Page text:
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Showing posts from April, 2011

Water for Elephants by Sara Gruen

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In a nutshell
It may seem like a love story, but it’s actually not (covers can be deceiving!), which is why I decided to read it. This story, set around the depression era, is about Jacob who almost graduates from an Ivy League school with a degree in veterinary sciences. Upon finding out his parents’ death and his dad’s debts, he wandered off from home and jumped onto a train, only to find out later that it was a circus train. When the owner of circus, Uncle Al, found out he has a degree in veterinary science, he was hired to be the animal doctor and was put in charge of caring for the circus menagerie. He ended up spending most of his life there until he had his own family.

What I liked
The story flowed very well, moving from one scene to another very beautifully. What added to its quality for me also is the author’s ability to give the story a very strong sense of place. I could feel like I was in every part of the story – from moving in the train car with Jacob to looking desperatel…

Uncensored version of 'The Picture of Dorian Gray' published!!

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Over 120 years after it was condemned as 'vulgar' and 'unclean', an uncensored version of Oscar Wilde's The Picture of Dorian Gray is published by Harvard University Press.

Revised after it was condemned in the British press over 130 years ago as "vulgar", "unclean", "poisonous" and "discreditable", an uncensored version of Oscar Wilde's The Picture of Dorian Gray has finally been published.

Seems that Frankel, associate professor of English at Virginia Commonwealth University said "the time is ripe for the publication of Wilde's novel in its uncensored form … It is the version of the novel that Wilde, I believe, would want us to be reading in the 21st century … I'm bringing it out of the closet a little more."

To read the whole article, click here.

If not, you can read some of the interesting parts here ;)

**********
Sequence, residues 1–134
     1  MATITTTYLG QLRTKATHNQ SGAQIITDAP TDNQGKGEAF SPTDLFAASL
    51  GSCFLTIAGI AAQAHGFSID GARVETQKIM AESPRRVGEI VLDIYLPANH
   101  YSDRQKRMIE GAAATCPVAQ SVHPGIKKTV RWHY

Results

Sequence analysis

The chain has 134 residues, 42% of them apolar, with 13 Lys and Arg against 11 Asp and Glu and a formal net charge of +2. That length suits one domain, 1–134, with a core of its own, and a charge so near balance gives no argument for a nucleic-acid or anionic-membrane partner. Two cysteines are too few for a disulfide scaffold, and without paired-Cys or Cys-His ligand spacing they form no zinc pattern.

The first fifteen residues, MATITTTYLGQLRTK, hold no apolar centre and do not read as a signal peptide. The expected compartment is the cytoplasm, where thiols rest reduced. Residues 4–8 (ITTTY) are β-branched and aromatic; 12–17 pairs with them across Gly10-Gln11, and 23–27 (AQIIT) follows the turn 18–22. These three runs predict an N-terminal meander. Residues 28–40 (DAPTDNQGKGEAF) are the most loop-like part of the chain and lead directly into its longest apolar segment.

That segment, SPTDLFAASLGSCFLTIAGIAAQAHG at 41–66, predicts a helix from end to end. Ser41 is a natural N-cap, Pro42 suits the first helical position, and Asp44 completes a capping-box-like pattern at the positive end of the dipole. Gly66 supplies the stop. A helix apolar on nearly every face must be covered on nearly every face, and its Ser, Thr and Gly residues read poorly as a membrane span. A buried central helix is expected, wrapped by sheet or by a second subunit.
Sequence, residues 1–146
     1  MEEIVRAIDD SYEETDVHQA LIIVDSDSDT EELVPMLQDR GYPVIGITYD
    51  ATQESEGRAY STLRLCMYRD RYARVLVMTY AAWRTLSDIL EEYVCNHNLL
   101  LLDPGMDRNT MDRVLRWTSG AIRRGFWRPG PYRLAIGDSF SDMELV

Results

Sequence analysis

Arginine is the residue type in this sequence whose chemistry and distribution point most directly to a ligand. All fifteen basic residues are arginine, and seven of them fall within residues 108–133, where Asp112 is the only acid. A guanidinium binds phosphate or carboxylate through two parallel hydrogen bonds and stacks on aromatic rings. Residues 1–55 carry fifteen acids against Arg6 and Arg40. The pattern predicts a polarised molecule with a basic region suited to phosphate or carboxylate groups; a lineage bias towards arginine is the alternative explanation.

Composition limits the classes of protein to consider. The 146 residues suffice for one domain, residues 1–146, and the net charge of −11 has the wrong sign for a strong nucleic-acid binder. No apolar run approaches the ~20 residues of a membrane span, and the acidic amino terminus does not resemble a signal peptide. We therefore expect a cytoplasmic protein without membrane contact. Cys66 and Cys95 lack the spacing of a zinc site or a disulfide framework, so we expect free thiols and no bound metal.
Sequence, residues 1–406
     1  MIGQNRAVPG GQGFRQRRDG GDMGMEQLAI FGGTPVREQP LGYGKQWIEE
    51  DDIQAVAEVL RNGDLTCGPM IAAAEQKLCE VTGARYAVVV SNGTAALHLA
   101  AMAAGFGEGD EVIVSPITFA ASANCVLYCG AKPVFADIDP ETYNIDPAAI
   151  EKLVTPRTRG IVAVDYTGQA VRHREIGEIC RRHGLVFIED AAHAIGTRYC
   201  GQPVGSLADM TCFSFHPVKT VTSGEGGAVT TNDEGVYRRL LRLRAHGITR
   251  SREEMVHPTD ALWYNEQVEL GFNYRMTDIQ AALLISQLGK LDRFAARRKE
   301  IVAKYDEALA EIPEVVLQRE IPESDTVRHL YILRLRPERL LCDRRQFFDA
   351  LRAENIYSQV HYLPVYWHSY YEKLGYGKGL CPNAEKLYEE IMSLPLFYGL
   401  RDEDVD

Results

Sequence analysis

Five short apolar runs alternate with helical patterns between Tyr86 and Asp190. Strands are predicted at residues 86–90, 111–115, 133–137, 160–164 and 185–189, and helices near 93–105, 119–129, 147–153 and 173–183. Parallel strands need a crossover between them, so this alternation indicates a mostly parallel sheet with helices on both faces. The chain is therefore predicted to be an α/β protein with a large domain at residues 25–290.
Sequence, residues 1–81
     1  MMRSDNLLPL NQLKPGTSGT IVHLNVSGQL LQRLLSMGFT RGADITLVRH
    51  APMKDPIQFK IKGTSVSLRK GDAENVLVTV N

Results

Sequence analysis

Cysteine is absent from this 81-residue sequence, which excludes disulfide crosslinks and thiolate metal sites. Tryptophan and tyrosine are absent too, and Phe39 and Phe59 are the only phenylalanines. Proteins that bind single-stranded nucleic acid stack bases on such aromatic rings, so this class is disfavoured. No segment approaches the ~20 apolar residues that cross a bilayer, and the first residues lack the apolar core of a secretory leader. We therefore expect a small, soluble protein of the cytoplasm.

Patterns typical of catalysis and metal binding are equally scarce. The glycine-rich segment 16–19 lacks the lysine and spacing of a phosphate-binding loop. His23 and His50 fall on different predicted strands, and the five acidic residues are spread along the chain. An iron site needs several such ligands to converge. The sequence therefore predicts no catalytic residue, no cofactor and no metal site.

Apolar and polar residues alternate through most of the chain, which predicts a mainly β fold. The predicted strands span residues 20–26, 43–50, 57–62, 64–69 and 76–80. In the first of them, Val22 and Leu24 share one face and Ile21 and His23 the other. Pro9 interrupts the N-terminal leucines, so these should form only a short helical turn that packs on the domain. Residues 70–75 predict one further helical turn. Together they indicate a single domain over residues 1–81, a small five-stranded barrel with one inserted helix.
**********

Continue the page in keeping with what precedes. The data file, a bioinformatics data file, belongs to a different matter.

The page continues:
These were some of the editing done to make the book "acceptable to the most fastidious taste"…

Meet & Greet Shamini, Author of Inspector Singh Investigates Series!

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Why, oh why on a weekday...? *sob* Anyway,...if you're nearby, remember to meet up with Shamini Flint!

Shamini writes children’s books with cultural and environmental themes including Jungle Blues and Turtle takes a Trip as well as the ‘Sasha’ series of children’s books. She also writes crime fiction, the first two books are Inspector Singh Investigates - A Most Peculiar Malaysian Murder and Inspector Singh Investigates: A Bali Conspiracy Most Foul published by Little, Brown, UK in 2009. The third title in the series published in 2010 is Inspector Singh Investigates: The Singapore School of Villainy to be followed by Singh's adventures in Cambodia and India.

Check out her website here.

Author of Three Cups of Tea, fabricated his memoir?

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Read this on themalaysianinsider.com, and started googling. These are what I found:
1) The author's charity organization has taken credit for schools in Afghanistan and Pakistan that don't exist.
2) The porters who accompanied him say he was never lost, and went back to the village a year after his first trip.
3) Mortenson also claims to have been kidnapped by the Taliban, but all the men in a photo from the supposed kidnapping are not actually Taliban, and say they never harmed Mortenson.
4) One of the men, according to CBS, is the director of an influential think tank whose scholarly essays have been published in the U.S.

Mortenson's side of the story:'I stand by the information conveyed in my book, and by the value of CAI's work in empowering local communities to build and operate schools that have educated more than 60,000 students.'

Mortenson said the account of his experiences in Korphe 'was a compressed version of events' that took place in 1993…

Norwegian Wood by Haruki Murakami

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Title/Author: Norwegian Wood/Haruki Murakami (Translated by Jay Rubin)
Publisher: Vintage Books USA
Pages: 400
ISBN 13: 9780099554561

Expect no flying elephants, man-eating cats, or any of those surrealist eccentricities that you’d normally find in a Murakami novel. Norwegian Wood is a rather straight forward, coming of age novel of nostalgia. What stayed though is its quiet, still and melancholy tone (which I love). I don’t know why but I always find it hard to summarise and/or review Murakami’s novels. This would be my very first attempt. So here goes.

In a nutshell
Norwegian Wood is about Toru Watanabe and his love affair with beautiful, damsel-in-distress Naoko, whom he’s known since school, and who used to go out with his best friend Kizuki, until he committed suicide. Their relationship deepens when they spent more time with each other after Kizuki’s death, and it somehow affected Naoko who realises she has psychological problems that need to be addressed. So she left for the sanator…

Blogspot Error?

Hmmmm not sure what's wrong with blogspot, cuz I can't seem to make my content break into proper paragraphs even after setting it in 'edit html'. DO SOMETHING ABOUT IT BLOGGER.COM!